Heal, the latest effort from Philadelphia-based musician Timothy Showalter, who records and performs as Strand of Oaks, doubles as a musical version of director Richard Linklater's "Boyhood." The album traces Showalter's maturation from precocious, Smashing Pumpkins-obsessed teenager to conflicted adult with a fondness for moody folk-rocker Jason Molina.
Heal, the latest effort from Philadelphia-based musician Timothy Showalter, who records and performs as Strand of Oaks, doubles as a musical version of director Richard Linklater’s “Boyhood.” The album traces Showalter’s maturation from precocious, Smashing Pumpkins-obsessed teenager to conflicted adult with a fondness for moody folk-rocker Jason Molina.
Along the way, the musician struggles with substance abuse, spousal infidelity and intense self-loathing. At different points on the album he refers to himself as “an abomination” and “fat, drunk and mean.”
“The record deals with different relationships I’ve had, sure, but I think the most unhealthy relationship I have on the album is between me and myself,” said Showalter, 32, reached by phone in late-July. “My relationship with my own insecurities and my development as a human is in the most need of therapy, and was in the most need of writing this record. I wanted to step outside and be the narrator pointing a finger back at me, like, ‘What are you doing? You can be better than this.’”
In turn, the musician takes unflinching stock of his life and development, noting it’s still an ongoing process (“It’s why the album is called Heal and not Healed,” he said). On the searing “Mirage Year,” for one, he writes about the various affairs he and his wife engaged in over the years — “There was one for me, and many more for you,” he sings — attributing much of the couple’s infidelity to his own failings. “I wasn’t there, I admit,” he drawls atop measured drums and a steady trickle of piano.
“Since it’s not a metaphor I had to ask my wife permission. ‘Is it OK for me to write this song?’” Showalter said. “She obviously was sad for all the right reasons [because] it was a very private point in our lives. That was the hard part. These songs came so easily, but it was hard to edit, and there were times I said, ‘Should I go this far?’ But I had a goal to make this all about honesty, and I didn’t want to shy from anything on this record.”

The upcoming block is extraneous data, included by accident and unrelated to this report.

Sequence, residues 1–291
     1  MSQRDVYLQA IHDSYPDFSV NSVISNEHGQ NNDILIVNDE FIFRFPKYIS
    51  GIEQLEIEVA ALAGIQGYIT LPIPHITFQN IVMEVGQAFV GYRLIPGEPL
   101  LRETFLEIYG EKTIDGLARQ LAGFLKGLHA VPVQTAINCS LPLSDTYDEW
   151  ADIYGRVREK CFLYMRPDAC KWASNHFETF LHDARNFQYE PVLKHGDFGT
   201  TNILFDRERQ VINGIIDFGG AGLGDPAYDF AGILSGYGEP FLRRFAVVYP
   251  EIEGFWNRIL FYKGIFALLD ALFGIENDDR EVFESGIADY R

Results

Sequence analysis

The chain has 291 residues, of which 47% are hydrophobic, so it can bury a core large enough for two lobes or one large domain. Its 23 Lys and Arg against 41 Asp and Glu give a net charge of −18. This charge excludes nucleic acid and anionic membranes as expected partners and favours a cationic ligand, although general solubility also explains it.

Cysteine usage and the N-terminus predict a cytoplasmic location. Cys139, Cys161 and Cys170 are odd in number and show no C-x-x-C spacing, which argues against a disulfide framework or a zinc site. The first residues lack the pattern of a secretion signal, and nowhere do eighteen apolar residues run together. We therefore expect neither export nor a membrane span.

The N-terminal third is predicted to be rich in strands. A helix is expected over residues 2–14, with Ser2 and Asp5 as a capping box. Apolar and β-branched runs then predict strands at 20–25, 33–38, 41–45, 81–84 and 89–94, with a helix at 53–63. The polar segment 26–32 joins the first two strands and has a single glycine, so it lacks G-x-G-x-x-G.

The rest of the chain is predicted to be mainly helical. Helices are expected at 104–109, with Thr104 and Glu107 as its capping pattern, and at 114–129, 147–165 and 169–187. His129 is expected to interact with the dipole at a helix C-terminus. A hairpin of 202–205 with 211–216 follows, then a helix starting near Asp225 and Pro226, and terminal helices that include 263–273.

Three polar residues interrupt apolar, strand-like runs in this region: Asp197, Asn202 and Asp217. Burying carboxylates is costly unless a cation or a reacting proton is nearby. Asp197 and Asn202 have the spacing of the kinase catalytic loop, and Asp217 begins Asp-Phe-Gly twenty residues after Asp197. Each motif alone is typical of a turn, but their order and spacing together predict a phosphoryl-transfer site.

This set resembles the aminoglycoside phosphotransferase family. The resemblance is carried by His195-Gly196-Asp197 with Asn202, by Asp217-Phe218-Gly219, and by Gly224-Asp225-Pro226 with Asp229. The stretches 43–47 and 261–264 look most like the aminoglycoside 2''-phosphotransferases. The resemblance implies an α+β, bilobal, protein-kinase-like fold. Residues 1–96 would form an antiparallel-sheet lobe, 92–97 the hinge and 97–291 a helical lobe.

Of course, it’s not all doom and gloom, and there are moments of pure, unadulterated joy scattered throughout. Witness album opener “Goshen ’97,” which takes its name from the small Indiana town where Showalter was born and celebrates the spirit of discovery that launched his musical career.
“I was rotting in the basement … then I found my dad’s old tape machine,” Showalter sings between lighter-waving guitar solos. “That’s where the magic began.”
“People are attracted like moths to the flame to the more negative and sensational parts, and the record has its share of tough times, but a lot of it is just me listening to music,” said Showalter, who was born to a car salesman father and a secretary mother and first picked up a guitar after becoming enchanted with Smashing Pumpkins’ “Disarm.” “I love music so much, and I wanted to make a record that celebrated the fact that music helped pull me through everything.”
Dusdin Condrin photo